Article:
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The grouse and partridge hunting season has been open for less than a week, but some early indicators appear to show that hunters can expect better hunting than last season.

The seasons for ruffed grouse, sharp-tailed grouse and prairie chickens began Sept. 19 and will continue through Jan. 3, 2016.

"We really can't put an exact number to it, but what we do know it is likely there will be an increase in the population compared to last year," said Travis Runia, senior game biologist for the South Dakota Department of Game, Fish & Parks.

The GF&P doesn't have a bird survey for grouse like it does for pheasants, so officials must rely on forecasts that are based on other factors. Those include whether or not the weather enabled a healthy breeding season for grouse, and how many grouse feathers were turned in the previous season, Runia said.

"When we have really hot June weather, it tends to reduce reproduction. Warm weather in June can lead to a drought, which is bad for grouse," Runia said. 

During this relatively wet summer, drought wasn't much of an issue, so that's a major reason the grouse population is expected to be higher, he said. 

"Hunting is typically better when there's a good year for reproduction, not only because there are more birds, but younger birds tend to be easier to hunt," Runia said. 

The reason the GF&P doesn't have a physical grouse survey or count is because the small birds are cagey and much harder to see in the wild than pheasants. Often, hunters of their dogs will nearly step on grouse before they fly and provide an opportunity for a shot.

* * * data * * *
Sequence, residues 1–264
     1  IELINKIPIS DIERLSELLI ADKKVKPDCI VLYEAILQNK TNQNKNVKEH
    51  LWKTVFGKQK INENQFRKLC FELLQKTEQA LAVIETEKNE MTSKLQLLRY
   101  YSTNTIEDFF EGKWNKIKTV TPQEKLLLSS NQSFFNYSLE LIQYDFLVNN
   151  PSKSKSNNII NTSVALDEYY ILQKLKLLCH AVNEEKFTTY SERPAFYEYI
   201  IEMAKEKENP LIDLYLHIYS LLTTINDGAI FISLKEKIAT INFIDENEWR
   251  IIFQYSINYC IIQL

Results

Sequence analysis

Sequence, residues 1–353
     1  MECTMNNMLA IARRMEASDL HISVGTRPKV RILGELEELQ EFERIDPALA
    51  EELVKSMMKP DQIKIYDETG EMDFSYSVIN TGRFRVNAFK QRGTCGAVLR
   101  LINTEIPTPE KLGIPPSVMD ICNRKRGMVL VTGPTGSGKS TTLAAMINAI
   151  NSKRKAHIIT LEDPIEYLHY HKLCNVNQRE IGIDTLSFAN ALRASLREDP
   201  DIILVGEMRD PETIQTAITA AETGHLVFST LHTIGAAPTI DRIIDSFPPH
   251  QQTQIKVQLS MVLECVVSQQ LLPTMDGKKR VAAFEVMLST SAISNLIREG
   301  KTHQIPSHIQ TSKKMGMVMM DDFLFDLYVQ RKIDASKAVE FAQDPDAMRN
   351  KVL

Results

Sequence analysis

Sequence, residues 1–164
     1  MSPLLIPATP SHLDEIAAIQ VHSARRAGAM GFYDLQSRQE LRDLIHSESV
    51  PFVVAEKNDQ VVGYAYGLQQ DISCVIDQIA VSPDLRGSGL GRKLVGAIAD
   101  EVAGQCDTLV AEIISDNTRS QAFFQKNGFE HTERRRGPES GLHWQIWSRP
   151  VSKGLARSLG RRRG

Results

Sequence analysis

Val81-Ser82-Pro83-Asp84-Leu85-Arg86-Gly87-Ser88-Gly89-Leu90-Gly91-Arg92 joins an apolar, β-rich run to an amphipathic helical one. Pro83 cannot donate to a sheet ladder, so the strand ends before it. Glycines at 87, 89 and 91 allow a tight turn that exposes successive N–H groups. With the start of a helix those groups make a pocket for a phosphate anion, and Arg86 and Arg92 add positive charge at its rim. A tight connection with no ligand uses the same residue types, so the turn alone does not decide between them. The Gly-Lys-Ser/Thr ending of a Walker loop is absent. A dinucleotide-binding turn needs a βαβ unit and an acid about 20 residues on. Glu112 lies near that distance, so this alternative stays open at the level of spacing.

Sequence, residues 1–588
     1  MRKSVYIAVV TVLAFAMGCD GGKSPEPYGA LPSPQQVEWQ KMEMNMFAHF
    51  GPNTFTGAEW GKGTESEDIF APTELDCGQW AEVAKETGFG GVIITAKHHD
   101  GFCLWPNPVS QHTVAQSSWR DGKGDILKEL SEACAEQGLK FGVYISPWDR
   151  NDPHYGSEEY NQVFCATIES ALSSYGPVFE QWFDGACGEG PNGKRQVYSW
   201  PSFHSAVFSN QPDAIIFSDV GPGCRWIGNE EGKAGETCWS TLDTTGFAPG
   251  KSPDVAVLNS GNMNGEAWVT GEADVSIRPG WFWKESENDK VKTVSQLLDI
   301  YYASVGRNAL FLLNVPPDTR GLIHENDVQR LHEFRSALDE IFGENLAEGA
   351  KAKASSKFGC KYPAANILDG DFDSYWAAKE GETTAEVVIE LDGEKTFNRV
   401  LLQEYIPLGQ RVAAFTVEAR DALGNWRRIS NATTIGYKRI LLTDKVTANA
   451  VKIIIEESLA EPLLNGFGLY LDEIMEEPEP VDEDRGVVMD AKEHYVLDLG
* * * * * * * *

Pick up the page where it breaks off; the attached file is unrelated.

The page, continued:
"They don't hang out on the road like pheasants would; they're usually in the prairie and there's no good way to see them," Runia said. 

Grouse live and breed in large tracts of contiguous sections of grassland. Some popular destinations to hunt grouse are The Grand River National Grassland, the Buffalo Gap National Grassland and the Fort Pierre National Grassland.

"If there's a landscape where there's grass as far as the eye can see, it's a pretty good indicator you're in prime grouse territory," Runia said. 

Runia said grouse hunting requires a lot more walking than a typical pheasant hunt. Whether that's a positive or a negative aspect of grouse hunting depends on individual preference. 

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"It's not unusual for someone hunting grouse to walk five miles or more in a morning," he said. "Some people really enjoy that."

Runia said it's a good bird to hunt with pointing dogs because they can smell the bird at a distance. The dog can work a long ways away from the hunter, track the bird and help the hunter find it.

Grouse hunters are asked to voluntarily submit a wing from each grouse harvested at wing collection boxes that are placed at locations along roadsides, parking areas and local businesses to help with next season's estimate. Hunters are reminded to only submit wings of birds near the area they were harvested. 



Contact Scott Feldman at 394-8337 or

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